boxed-arrow-leftArtboard 1Artboard 1Artboard 1Artboard 1
Open menu

The Tasmanian Institute of Agriculture (TIA) is internationally renowned for its innovative research into food safety and microbiology.

We work closely with the Australian food industry and international partners, providing advice and developing food safety tools.

Within TIA’s Centre for Food Safety and Innovation (CFSI), we have researchers who are internationally regarded for leadership in modelling the ecology of bacteria in foods, a discipline called ‘predictive microbiology’.

Our research covers a wide range of topics, from fermentation, raw milk cheese safety, to microbial growth on red meat, and innovative ideas for premium fruit and vegetable products.

The CFSI is training the next generation of food scientists and our postgraduate students provide a valuable input into the Centre’s research.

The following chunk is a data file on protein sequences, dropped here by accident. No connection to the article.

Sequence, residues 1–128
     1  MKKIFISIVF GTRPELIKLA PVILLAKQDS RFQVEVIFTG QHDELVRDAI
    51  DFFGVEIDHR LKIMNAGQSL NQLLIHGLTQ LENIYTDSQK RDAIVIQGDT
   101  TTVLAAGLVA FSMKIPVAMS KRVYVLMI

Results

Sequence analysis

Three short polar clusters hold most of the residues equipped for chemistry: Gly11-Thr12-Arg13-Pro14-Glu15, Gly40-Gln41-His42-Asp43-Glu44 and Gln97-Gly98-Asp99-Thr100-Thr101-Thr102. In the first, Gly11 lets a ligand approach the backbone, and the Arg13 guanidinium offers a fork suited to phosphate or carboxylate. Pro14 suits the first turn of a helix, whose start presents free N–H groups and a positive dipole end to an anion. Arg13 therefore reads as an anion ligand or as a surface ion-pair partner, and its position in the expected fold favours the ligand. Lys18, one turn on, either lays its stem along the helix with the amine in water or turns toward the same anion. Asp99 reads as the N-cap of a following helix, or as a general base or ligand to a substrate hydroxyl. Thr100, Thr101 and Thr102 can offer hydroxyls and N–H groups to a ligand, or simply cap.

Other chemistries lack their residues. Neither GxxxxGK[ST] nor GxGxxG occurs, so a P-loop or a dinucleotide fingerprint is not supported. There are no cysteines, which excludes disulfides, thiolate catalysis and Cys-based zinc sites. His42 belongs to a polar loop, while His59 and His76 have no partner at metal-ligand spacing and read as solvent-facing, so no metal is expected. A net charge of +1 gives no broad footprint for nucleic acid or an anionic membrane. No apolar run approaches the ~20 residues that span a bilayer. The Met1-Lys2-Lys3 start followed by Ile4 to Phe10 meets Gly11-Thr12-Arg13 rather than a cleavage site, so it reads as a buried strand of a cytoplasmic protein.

Associate Professors Tom Ross and John Bowman are TIA’s food safety and microbiology experts.

Associate Professor Tom Ross leads TIA’s food safety research into red meat and was director of the ARC Training Centre for Innovative Horticultural Products. He has contributed to international food microbiology and food safety boards. In 2017 Tom was invited onto the Executive Board of the International Committee on Food Microbiology and Hygiene (ICMFH) and contributed to the United States Food and Drug Administration (USFDA) food safety risk assessment software platform. Read about Tom here.

Associate Professor John Bowman is the leader of the Centre for Food Safety and Innovation. He is an expert in all things microbiology, including salmon, agriculture, red meat, barley-associated microbiology; marine, polar and soil systems-based microbiology; and also, prokaryote taxonomy. John is a an ARC College Member (BSB Panel), on the Bergey’s Manual Trust, a member of the International Committee on Prokaryote Systematics and the Microbial ecology Convenor for the Australian Society for Microbiology Read about John here.

No results found. Try searching again: